IMG_5424Saturday morning, it happened.  I had my iPod attached to the computer and was listening to music when I decided to remove the iPod.  It’s something I’ve done hundreds of times, but this time the outcome was different.  Suddenly a wavy line appeared on the screen, the mouse became unresponsive, and before I knew it the computer was telling me that did not recognize its old pal, my iPod.  When I removed the iPod, with sinking feeling, I found that all of my music and my carefully constructed playlists had been removed.  And, because I’ve been lazy about it, I don’t have any remotely current back-up on the computer itself.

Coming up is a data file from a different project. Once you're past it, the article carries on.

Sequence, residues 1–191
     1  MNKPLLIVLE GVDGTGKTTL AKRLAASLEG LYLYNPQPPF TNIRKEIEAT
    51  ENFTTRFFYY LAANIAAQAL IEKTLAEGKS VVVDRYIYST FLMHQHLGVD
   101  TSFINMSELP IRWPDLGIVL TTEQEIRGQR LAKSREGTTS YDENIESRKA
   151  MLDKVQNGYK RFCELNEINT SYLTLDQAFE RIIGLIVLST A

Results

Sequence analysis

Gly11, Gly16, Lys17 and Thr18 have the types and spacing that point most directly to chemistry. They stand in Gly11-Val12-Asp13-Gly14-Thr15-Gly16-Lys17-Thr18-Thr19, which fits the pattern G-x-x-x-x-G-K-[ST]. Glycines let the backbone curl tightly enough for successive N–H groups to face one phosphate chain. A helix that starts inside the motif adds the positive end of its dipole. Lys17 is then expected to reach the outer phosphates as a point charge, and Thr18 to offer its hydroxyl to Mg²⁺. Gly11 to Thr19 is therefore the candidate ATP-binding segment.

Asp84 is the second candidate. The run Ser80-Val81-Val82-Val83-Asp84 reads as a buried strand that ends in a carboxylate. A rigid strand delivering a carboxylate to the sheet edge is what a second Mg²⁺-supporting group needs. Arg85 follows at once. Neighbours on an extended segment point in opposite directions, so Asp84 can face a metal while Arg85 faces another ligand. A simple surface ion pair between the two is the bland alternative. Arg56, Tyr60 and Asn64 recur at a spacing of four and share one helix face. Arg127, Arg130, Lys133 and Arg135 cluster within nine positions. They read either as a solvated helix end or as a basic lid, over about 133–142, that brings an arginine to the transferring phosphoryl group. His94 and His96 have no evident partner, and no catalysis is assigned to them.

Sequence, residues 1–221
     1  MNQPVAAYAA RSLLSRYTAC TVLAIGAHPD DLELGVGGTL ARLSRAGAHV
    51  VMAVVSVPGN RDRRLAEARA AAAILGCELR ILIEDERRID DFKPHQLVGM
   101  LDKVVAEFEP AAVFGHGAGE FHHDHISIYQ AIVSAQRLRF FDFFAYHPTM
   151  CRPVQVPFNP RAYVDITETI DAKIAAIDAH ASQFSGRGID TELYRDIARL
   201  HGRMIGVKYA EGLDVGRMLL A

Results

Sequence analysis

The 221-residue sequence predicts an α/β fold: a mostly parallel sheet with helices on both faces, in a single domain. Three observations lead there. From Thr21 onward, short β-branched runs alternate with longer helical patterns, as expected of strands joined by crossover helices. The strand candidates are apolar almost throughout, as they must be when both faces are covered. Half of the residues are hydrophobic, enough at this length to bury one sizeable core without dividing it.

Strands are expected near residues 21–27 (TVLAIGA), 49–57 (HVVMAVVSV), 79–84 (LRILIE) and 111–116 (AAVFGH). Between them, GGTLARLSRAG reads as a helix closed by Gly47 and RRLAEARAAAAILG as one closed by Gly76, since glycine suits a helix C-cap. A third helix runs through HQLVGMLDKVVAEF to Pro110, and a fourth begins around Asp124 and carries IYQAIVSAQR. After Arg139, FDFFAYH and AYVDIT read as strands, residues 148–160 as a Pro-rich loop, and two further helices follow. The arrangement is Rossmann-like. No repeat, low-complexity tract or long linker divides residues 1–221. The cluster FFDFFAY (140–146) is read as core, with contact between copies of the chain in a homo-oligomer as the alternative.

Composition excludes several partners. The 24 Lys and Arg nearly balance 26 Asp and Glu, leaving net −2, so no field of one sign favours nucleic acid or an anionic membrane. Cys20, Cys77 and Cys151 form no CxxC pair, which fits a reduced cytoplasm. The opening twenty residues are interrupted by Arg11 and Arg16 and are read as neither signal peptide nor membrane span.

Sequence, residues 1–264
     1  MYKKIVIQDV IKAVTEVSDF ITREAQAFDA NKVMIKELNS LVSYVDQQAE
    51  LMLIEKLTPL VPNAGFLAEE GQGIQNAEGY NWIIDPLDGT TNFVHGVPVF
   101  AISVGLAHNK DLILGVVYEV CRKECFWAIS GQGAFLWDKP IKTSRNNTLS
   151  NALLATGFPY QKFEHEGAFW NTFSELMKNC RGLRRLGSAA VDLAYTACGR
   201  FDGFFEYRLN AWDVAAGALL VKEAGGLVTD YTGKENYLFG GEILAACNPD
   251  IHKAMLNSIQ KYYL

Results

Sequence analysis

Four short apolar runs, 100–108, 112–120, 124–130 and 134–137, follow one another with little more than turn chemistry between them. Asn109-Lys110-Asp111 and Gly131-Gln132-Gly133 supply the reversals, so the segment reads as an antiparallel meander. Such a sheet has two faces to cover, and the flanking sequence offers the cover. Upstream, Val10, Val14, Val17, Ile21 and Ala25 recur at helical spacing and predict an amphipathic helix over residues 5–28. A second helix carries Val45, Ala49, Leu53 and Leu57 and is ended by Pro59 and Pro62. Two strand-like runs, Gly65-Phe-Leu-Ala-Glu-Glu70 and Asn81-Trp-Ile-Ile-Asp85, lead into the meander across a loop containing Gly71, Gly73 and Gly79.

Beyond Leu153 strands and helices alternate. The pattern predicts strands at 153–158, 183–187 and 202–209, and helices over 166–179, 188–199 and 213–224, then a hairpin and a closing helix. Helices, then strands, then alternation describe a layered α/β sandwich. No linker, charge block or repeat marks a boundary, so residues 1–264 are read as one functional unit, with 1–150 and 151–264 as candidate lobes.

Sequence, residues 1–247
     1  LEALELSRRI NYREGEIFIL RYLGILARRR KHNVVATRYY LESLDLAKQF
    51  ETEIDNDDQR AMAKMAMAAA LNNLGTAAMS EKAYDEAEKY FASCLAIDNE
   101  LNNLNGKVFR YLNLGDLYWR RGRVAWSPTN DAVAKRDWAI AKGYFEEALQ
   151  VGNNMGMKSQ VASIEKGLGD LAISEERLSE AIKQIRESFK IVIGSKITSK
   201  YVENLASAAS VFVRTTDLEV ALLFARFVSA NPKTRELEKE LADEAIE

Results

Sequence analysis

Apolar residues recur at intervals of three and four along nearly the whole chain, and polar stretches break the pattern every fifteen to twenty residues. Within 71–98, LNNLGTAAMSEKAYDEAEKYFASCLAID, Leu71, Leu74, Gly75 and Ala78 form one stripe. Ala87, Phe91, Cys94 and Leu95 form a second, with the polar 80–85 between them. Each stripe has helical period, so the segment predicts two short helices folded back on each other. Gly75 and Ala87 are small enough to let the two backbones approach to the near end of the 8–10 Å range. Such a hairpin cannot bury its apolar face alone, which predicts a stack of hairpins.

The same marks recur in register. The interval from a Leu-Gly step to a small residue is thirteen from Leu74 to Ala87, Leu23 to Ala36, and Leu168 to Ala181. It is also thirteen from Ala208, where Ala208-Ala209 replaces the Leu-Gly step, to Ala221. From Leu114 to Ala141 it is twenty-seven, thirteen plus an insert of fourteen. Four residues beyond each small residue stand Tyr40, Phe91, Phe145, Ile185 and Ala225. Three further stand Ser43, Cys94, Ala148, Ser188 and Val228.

So I went through the seven stages of reaction to technology disaster.  First, shock that my faithful iPod had deserted me, then denial that I could wreak such havoc with one inadvertent mouse click.  Next, I raged at the capricious electronic device gods for punishing me so grievously for one little mistake.  Then, false hope and bargaining.  Surely, the music still had to be on my iPod somewhere!   I’ll do a google search and find out how to retrieve it!  But google gave no answer, and when google gives no answer you are truly screwed.  My hope gone, I accepted responsibility for the disaster, then wrestled with the devastating realization that, although every other American under the age of 80 happily uses their iPod without incident, I am an idiot who can somehow evade all of the safety protections Apple has built into one of its signature products.